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After arriving at the American Express Fine Hotels & Resorts property Rosewood Little Dix Bay in the British Virgin Islands by private ferry and being ushered to my suite by a personal butler, I walked onto the beach, settled down on a lounger, and tucked into a fish wrap. The sandwich, electrified by a burst of bright purple coleslaw, was served in butcher paper and accompanied by a Weck jar holding perfectly crisp french fries. My drink, a zippy mixture of pineapple and soda and lime, came with a reusable metal straw but without the usual umbrella. The meal was as eco-friendly as it was delicious.
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In 1993, Rosewood took over management of the property, which Laurance Rockefeller had established as one of the world’s first eco-resorts in 1964. In 2016, Rosewood began a soft renovation, but then Hurricane Irma arrived and decimated the property.
And so Rosewood began anew, rebuilding guest suites from the foundations that the hurricane spared. It also started clearing land for a garden that would supply its restaurants and free it from the dependency, shared by so many Caribbean resorts, on the cavalcade of planes and ships that bring in things like avocados and rum and foie gras. A tweezers’ worth of microgreens can make any plate of ceviche look elevated, but getting those delicate greens to a remote island often means that they’re wilted by the time they arrive.
In a region where food is sometimes an afterthought, Little Dix Bay has become as much a culinary destination as a luxury hideaway. Here, sourcing locally is an ethical choice—a way to both support its community and care for the island—and a flavor-boosting one.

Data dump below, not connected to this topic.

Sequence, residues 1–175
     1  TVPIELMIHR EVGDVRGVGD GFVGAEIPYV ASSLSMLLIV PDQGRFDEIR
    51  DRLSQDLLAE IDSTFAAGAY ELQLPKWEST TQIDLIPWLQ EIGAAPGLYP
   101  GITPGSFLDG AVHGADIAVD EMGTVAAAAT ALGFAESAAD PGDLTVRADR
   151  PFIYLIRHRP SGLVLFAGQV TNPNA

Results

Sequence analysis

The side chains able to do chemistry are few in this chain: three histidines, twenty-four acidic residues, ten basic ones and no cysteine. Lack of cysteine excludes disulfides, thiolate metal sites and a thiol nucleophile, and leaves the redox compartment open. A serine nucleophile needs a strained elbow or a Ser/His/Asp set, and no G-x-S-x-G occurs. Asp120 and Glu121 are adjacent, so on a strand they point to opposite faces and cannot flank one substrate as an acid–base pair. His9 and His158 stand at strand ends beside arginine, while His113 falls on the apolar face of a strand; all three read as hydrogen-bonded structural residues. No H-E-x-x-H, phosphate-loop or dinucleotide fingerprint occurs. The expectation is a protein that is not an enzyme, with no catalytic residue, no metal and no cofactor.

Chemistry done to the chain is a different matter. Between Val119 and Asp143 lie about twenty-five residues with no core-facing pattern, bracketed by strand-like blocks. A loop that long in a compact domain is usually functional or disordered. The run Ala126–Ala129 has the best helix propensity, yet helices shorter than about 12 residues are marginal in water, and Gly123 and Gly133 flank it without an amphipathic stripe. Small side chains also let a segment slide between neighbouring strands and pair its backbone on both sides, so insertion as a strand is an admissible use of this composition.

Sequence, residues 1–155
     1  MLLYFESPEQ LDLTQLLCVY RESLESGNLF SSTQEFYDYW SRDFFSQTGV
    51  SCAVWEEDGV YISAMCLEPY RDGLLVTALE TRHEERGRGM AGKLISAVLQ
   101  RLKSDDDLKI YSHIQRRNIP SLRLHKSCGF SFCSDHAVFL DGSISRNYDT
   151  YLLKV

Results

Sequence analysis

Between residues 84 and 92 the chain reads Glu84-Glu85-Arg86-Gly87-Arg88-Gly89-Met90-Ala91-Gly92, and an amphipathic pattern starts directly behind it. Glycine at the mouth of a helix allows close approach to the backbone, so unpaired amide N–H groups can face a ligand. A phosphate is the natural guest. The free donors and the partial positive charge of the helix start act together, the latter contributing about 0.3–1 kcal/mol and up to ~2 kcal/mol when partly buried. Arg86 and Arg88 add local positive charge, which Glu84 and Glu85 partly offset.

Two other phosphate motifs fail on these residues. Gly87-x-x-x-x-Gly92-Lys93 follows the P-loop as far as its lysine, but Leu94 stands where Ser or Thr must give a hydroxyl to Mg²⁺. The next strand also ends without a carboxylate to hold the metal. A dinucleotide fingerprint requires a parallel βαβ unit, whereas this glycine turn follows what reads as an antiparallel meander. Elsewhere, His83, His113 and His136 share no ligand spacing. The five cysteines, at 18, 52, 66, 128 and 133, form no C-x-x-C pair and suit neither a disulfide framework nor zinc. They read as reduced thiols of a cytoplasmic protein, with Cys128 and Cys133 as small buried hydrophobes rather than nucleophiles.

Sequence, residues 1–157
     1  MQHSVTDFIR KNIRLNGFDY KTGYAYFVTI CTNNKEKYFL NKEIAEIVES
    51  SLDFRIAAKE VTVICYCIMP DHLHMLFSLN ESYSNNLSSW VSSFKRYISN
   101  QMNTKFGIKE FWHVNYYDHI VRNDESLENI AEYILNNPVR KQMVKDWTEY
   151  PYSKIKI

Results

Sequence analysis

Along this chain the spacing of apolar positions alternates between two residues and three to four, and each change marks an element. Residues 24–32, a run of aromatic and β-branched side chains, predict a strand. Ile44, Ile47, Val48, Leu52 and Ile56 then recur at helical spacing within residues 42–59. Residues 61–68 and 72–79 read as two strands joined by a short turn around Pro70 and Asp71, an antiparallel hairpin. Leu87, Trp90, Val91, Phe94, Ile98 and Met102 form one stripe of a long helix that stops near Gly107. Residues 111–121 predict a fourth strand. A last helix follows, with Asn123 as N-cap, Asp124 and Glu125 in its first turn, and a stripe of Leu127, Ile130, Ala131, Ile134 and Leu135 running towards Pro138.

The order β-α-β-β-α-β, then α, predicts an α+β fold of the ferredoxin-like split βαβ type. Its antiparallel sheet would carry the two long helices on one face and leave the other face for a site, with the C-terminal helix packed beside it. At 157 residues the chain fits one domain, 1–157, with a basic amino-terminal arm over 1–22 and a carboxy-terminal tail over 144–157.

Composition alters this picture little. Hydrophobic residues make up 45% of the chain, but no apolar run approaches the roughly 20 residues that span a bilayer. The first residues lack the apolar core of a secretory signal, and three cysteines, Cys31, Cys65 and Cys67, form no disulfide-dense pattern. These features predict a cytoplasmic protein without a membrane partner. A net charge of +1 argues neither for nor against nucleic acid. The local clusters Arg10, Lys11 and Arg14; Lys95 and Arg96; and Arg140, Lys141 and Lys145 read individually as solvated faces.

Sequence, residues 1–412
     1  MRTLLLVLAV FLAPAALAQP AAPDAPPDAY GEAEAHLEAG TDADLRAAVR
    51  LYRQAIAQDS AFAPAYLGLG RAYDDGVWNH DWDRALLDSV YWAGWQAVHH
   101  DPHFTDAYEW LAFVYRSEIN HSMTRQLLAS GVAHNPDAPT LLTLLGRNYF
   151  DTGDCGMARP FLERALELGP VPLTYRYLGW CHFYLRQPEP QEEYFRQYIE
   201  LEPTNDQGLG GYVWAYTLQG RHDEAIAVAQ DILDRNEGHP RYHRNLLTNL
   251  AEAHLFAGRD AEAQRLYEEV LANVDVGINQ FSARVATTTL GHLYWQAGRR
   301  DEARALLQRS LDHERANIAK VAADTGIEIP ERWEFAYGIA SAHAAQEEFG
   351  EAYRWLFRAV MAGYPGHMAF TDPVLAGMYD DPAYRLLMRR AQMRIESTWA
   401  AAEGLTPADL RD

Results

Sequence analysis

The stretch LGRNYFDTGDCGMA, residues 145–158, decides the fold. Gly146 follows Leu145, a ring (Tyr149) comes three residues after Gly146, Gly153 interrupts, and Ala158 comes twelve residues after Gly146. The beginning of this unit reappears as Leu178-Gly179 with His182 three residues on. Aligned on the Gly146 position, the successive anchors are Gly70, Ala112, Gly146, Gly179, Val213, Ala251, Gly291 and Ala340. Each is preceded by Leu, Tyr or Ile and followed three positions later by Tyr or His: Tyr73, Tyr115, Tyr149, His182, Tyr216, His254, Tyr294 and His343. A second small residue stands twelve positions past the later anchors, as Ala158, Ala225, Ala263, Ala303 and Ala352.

Now the garden has matured into a full-on farm under the eye of Spanish-born chef Francisco Sanabria. Spiky pineapple plants erupt from the ground, and a ring of banana, coconut, and avocado trees forms a hopeful perimeter toward which the farm is slowly expanding. The kitchen’s scraps and used coffee grounds feed the compost pile hiding in a thicket of trees. Within earshot is a chicken coop full of hens, whose eggs appear on the breakfast table.
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Sanabria and his team also work closely with farmers on the island, many of whom began growing vegetables after losing their jobs because of Irma’s devastation. On a hill looking out toward Prickly Pear and Necker Islands, cousins Arringdell and Triston Creque have built a microgreens farm, called Agri-Paradise VG, relying on mail-order seeds, instructional books, and YouTube tutorials. The cousins, each of whom has a day job, spend mornings and nights in their greenhouses tending to the basil and tangly pea shoots that they supply to restaurants on Virgin Gorda and beyond.
These greens show up throughout Little Dix Bay, most thrillingly in a salad at the Sugar Mill, a restaurant that focuses on Caribbean food. They serve as a background for a simple lump of fresh-caught fish, delivered by one of the fishermen Sanabria works with. Every day, he walks to the resort’s pier to inspect the catch: I saw one fisherman hang a tuna the size of a flat-screen TV from a hook, then point to another the size of, say, a laptop and ask Sanabria whether it was too small. The chef took them all.
All of this stocks the resort’s three restaurants. Sugar Mill is the most casual. Next door is Pavilion, where Indian and West Indian food merge. Reef House, the white-tablecloth spot, showcases modern Caribbean dishes.
After dinner, I ordered from the list of more than 100 rums at the Rum Room, which has the vibe of a swinging mid-century lounge, and took the drink to the firepit on the beach. Most nights, the sky is clear save for a few dramatic clouds, and the stars illuminate the bay in front of you. Feet up, rum in hand, I had nothing left to do but think about what it would all look like in the morning.
From $850; rosewoodhotels.com.